Otoritas Jasa Keuangan (OJK), the Financial Services Authority of Indonesia, recently granted operating licenses to 10 Islamic microfinance institutions (MFIs) in the country. The MFIs are funded by unspecified donors wishing to encourage community development tools that observe Islamic law. For example, Islamic lending uses mechanisms such as the sharing of profit and loss in lieu of conventional interest payments. Many of the MFIs are affiliated with Islamic boarding schools, known as pesantren, as part of a strategy to increase financial inclusion in rural areas via “role models such as pesantren caregivers.”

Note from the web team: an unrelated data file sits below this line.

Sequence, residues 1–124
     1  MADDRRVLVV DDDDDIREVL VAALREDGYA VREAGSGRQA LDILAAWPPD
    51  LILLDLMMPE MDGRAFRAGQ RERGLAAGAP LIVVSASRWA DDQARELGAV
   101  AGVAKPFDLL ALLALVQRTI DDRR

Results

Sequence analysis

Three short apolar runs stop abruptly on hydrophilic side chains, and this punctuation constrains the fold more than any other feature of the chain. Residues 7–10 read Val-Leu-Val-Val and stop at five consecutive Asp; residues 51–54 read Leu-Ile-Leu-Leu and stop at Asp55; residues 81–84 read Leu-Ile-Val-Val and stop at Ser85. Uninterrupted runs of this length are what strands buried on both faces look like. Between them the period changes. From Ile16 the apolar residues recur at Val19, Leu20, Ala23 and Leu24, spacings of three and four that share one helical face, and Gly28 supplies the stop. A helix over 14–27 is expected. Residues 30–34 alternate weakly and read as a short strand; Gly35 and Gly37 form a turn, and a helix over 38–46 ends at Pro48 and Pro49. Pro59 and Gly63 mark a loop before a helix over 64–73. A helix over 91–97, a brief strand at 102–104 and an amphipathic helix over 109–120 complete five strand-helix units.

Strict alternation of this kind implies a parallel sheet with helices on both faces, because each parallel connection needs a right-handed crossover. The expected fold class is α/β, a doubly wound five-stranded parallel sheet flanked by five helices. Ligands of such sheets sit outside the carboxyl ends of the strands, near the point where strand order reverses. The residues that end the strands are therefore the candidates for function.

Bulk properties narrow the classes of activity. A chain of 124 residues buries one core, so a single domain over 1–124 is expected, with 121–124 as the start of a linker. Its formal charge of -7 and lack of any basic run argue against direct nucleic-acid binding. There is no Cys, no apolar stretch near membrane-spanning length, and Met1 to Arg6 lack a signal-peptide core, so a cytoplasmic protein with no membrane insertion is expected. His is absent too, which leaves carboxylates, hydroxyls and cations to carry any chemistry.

OJK, which is based in Jakarta, seeks to support fair financial practices and ensure a stable financial system.
By Ryan Gauthier, Research Associate
Sources and Additional Information
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